I hate to admit this, but I skimmed most of this book. It is a bit dated, having been published in 2001. I think I would have stopped reading it early in the book, but I kept thinking there would be some momentously sage advice or pronouncement. The narrative style mixed in with the descriptions of Aging and Care of Aged didn't hold my attention. . . until the part where the author went on an Outward Bound excursion. I can relate to Outward Bound because it used to be based in my area, so readin ...more
Sonali Gupta
Aug 30, 2020 rated it it was amazing  ·  review of another edition
I absolutely love this book! It's way ahead of it's time. Reading it for the second time now and I feel this book this book captures research as well as personal stories very beautifully. The writer has combined research, personal experience and a lens that explores age from a very nuanced perspective.
Andrew Hoover
Feb 03, 2019 rated it it was amazing
Deborah Robinson
Sep 04, 2018 rated it it was amazing
Very relevant today with the ageing population. I may read it again!
May 01, 2020 rated it really liked it  ·  review of another edition
This is a 1993 book (and a tome at that), so lots of the research she summarizes is dated, but many of her insights are spot on and helpful and still relevant.
Sep 04, 2016 rated it really liked it  ·  review of another edition
Shelves: non-fiction
Feminist Betty Friedan debunks many myths about old age as she shifts then rejuvenates our perspective about what "the third age of life" might mean if we approached it with curiosity, engagement and a sense of utility. Contrary to the constant rhetoric and the general consensus, most of us will not get Alzheimer's or end up in nursing homes so what are we to do with our final years? Though published in 1993, this tome (600+ pages) has much wisdom to impart that doesn't show the wear and tear of ...more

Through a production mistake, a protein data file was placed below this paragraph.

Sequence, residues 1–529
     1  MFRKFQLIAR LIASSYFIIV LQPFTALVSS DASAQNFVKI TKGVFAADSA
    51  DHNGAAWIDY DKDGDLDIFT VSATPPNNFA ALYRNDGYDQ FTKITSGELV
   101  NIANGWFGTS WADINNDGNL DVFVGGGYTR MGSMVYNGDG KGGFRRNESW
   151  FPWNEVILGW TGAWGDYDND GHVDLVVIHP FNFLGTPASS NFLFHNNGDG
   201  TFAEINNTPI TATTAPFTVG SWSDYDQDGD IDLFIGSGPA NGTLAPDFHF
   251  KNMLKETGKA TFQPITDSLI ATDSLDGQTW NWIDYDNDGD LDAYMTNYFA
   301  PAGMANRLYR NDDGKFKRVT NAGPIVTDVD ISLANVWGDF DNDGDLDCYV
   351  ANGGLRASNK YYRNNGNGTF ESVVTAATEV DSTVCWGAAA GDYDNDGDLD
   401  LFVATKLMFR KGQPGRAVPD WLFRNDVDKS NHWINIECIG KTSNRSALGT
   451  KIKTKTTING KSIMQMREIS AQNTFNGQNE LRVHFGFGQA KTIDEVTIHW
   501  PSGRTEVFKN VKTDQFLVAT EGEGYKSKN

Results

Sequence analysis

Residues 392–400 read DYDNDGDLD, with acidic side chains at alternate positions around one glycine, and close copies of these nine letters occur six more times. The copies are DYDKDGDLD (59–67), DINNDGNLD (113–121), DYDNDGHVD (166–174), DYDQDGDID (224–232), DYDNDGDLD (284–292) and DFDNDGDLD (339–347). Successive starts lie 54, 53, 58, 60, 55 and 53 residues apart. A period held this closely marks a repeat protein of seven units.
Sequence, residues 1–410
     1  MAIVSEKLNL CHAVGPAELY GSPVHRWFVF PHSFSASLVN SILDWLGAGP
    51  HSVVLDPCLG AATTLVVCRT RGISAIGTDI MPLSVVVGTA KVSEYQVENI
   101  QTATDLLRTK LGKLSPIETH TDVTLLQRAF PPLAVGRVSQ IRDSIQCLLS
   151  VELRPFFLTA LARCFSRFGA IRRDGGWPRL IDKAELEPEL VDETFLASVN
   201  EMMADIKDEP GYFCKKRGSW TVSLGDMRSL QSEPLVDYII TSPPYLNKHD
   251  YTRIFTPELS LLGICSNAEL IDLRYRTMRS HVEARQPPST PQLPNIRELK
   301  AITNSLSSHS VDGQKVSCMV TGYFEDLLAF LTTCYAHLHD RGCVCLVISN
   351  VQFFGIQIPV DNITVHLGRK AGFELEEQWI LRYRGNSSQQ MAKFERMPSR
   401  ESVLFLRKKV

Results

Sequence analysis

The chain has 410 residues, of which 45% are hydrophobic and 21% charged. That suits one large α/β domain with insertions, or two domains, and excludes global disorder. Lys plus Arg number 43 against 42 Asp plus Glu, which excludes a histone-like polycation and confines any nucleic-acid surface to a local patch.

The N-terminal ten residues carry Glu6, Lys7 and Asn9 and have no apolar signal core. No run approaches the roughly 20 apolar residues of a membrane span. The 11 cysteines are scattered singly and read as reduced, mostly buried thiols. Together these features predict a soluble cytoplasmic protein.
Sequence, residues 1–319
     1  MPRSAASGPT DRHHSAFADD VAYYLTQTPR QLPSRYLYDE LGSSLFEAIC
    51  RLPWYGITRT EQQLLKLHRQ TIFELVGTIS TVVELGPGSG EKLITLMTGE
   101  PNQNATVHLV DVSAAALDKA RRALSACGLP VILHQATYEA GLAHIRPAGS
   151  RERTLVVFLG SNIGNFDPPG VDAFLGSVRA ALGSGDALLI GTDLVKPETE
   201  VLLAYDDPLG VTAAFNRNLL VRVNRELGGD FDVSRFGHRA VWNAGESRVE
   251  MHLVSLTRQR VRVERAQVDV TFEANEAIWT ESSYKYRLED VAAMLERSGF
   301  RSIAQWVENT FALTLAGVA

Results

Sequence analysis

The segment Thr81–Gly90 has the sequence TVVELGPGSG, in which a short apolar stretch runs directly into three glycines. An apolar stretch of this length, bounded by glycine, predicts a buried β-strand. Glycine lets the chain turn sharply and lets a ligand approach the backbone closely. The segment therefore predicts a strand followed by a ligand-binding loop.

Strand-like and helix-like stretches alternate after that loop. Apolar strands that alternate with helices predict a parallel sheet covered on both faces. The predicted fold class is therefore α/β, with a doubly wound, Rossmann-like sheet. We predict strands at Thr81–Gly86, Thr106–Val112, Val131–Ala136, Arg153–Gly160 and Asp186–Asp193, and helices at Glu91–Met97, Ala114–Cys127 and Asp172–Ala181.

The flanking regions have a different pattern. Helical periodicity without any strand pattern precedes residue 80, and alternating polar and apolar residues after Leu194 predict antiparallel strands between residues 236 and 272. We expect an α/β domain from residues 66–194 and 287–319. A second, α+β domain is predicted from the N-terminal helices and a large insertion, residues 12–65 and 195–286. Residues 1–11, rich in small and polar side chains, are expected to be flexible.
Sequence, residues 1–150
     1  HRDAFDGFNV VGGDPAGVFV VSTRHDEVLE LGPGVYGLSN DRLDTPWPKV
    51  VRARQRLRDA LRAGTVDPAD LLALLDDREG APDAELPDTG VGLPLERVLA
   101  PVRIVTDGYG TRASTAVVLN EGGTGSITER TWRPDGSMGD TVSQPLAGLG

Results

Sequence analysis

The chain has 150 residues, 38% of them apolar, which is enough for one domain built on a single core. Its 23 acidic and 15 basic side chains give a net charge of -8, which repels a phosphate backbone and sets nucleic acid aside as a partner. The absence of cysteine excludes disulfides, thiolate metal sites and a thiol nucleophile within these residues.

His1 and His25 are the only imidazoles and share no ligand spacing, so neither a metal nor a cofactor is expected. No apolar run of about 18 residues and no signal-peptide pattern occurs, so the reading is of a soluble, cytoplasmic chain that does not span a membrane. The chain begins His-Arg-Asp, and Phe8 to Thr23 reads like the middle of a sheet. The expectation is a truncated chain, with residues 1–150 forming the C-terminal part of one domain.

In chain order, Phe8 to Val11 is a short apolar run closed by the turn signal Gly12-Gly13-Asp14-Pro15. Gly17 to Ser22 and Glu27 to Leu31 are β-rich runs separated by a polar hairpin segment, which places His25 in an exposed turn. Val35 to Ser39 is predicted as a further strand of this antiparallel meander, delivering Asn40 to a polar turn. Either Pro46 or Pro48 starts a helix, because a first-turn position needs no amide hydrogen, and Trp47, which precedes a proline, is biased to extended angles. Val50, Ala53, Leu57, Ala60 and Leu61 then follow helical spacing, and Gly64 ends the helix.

Oct 09, 2013 rated it liked it
Shelves: on-tape
Listened to this one on tape.

Nice look at what to do about our weird obsession with not dying.

I particularly liked her call for elder care physicians to approach dying less like a disease to be cured or postponed, and more like an eventually to be managed.

Pointed out the cost issue, and the dangers of controlling costs through care, but also the necessity of this. Would like to read more on this particular part of the problem.

Jun 10, 2010 rated it it was amazing
I like this path of thought. Just say no to medicare drugs. You are only as old as you feel and don't let anyone tell you what you are suppose to feel. It's your life, make the most of it. Age is nothing but mind over matter, if you don't mind, it doesn't matter.
Barbara Osterdock
I own this book
Karen Kortsch
Mar 05, 2010 rated it liked it
Very interesting look at the evolving mind of Betty Friedan. Very long book. Took forever to finish. Lots of interesting ideas on aging to contemplate.
Elizabeth Alford
May 17, 2008 rated it it was amazing
Amazing book. A must read for those interested in thoughtful discussion on our youth-obsessed culture
Nov 03, 2013 rated it it was ok  ·  review of another edition
Tedious to read
Aug 11, 2012 rated it really liked it  ·  review of another edition
This is a must-read for anyone over 50. It's long and academic, but it is one of the most useful on aging and the good or bad choices that need to be made.
May 03, 2012 rated it liked it
Long book with some interesting topics on aging.
Rie Charles
May 09, 2016 rated it liked it
A little dated and from the point of view of a wealthy white woman, but otherwise interesting.
May 06, 2013 added it
got what I needed
Dec 10, 2008 rated it it was amazing
Friedan does not disappoint in this intriguing perspective on aging.
Catherine Fulton
rated it really liked it
Mar 03, 2017
rated it it was amazing
Sep 06, 2012
rated it really liked it
Sep 18, 2013
Mrs. Jeanine
rated it it was amazing
Feb 15, 2013
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Betty Friedan was an American feminist, activist and writer, best known for starting what is commonly known as the "Second Wave" of feminism through the writing of her book The Feminine Mystique.